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Nutritional tools for staying active while aging

Baby Boomers and older generations are turning to exercise and diet to stay healthy in their twilight years. Several sports nutrition ingredients offer researched benefits to help these consumers stay fit and recover from exercise.

“The older you get, the older you want to get.” These are words of wisdom from Rolling Stone guitarist Keith Richards, who knows a thing or two about survival under daunting conditions—at 75 years old, Keith still rocks out on the big stage in miraculous fashion. For many consumers today, it is not just wanting to survive to an older age but wanting to be active and vibrant along the way.

Baby Boomers and older generations are turning to exercise and diet to stay healthy in their twilight years. Several sports nutrition ingredients offer researched benefits to help these consumers stay fit and recover from exercise.

Protein and energy are among the top ingredient categories for the healthy aging populations, while bar and food products are preferred delivery methods. Older adults may have higher protein intake requirements, as muscle protein synthesis (MPS) rates decline, and muscle loss tends to pick up after the age of 40.

Creatine can help not only with energy levels, but it can also contribute to improving body composition by promoting lean muscle development. Vitamin D and calcium also are multifaceted, contributing to both muscle development and bone mineral management.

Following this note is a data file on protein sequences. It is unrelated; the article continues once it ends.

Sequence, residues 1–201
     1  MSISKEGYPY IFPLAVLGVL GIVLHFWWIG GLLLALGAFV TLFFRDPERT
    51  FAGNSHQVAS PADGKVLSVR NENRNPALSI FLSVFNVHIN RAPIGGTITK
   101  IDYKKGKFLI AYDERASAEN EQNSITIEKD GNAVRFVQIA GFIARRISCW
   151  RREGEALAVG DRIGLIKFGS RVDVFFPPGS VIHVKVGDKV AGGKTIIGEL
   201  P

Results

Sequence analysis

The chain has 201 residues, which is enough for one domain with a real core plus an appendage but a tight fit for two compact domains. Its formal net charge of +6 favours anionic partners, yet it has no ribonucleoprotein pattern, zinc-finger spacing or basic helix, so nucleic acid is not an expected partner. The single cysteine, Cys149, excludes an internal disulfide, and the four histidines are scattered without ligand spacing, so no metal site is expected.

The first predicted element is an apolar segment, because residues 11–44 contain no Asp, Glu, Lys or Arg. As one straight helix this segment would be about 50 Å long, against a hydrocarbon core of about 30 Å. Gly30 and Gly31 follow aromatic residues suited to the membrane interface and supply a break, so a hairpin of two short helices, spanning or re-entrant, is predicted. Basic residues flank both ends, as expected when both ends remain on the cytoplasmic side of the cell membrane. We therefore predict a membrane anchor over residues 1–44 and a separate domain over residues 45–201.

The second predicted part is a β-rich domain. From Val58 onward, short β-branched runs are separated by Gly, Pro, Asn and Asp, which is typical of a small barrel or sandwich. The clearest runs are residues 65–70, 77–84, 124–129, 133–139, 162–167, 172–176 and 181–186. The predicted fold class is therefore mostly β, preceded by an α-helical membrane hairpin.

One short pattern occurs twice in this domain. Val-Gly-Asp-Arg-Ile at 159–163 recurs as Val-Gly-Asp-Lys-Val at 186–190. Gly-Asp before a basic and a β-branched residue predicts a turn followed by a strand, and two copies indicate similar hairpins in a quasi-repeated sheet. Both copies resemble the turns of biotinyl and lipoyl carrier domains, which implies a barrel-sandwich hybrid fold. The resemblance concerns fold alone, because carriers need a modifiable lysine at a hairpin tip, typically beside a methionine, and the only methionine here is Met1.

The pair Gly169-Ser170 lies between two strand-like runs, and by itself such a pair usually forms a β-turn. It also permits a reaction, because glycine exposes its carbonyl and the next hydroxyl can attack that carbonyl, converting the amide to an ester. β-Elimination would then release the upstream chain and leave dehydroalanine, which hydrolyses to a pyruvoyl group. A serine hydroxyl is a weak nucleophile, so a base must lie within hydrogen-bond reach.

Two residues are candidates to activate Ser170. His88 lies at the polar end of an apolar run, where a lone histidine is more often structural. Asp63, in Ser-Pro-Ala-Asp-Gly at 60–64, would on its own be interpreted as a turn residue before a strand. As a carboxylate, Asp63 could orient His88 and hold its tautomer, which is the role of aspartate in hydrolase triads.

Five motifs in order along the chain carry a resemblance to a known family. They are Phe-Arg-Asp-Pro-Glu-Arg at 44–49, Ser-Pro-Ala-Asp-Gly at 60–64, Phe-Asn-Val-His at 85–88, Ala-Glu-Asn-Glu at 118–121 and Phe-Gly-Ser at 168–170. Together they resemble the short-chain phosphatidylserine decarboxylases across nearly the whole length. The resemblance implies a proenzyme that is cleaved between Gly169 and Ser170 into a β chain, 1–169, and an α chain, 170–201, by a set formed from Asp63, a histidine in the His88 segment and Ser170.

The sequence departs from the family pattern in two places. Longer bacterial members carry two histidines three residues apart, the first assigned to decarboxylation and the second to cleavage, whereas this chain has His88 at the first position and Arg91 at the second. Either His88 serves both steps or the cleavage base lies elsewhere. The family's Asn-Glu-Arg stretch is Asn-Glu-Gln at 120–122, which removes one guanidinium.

Omega-3s’ one-two punch is on muscle building and inflammation control. Managing inflammation and oxidative stress is important for recovery, which is an important phase of sports nutrition often overlooked by active consumers. Curcumin and methylsulfonylmethane (MSM) are two of the many anti-inflammatory dietary ingredients researched for active populations and exercise recovery. Glutathione is the most abundant of the body’s antioxidants, and healthy aging active consumers may benefit from taking glutathione supplements, although bioavailability is a question. Fortunately, regular exercise may help boost the body’s ability to increase and maintain glutathione levels.

For more details on these and other ingredients, check out the full article, “Ingredients for active aging,” in the Healthy Aging digital issue.

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